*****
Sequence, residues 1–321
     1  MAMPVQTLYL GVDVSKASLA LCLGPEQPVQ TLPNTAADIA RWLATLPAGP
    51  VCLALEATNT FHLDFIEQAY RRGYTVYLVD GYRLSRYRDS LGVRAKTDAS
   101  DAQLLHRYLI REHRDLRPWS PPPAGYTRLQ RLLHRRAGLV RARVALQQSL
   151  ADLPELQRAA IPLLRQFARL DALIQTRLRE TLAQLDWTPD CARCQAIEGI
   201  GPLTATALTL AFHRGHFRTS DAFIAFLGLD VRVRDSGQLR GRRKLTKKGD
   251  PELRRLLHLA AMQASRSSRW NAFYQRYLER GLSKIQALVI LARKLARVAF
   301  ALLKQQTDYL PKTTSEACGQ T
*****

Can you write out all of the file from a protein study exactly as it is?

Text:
Sequence, residues 1–321
     1  MAMPVQTLYL GVDVSKASLA LCLGPEQPVQ TLPNTAADIA RWLATLPAGP
    51  VCLALEATNT FHLDFIEQAY RRGYTVYLVD GYRLSRYRDS LGVRAKTDAS
   101  DAQLLHRYLI REHRDLRPWS PPPAGYTRLQ RLLHRRAGLV RARVALQQSL
   151  ADLPELQRAA IPLLRQFARL DALIQTRLRE TLAQLDWTPD CARCQAIEGI
   201  GPLTATALTL AFHRGHFRTS DAFIAFLGLD VRVRDSGQLR GRRKLTKKGD
   251  PELRRLLHLA AMQASRSSRW NAFYQRYLER GLSKIQALVI LARKLARVAF
   301  ALLKQQTDYL PKTTSEACGQ T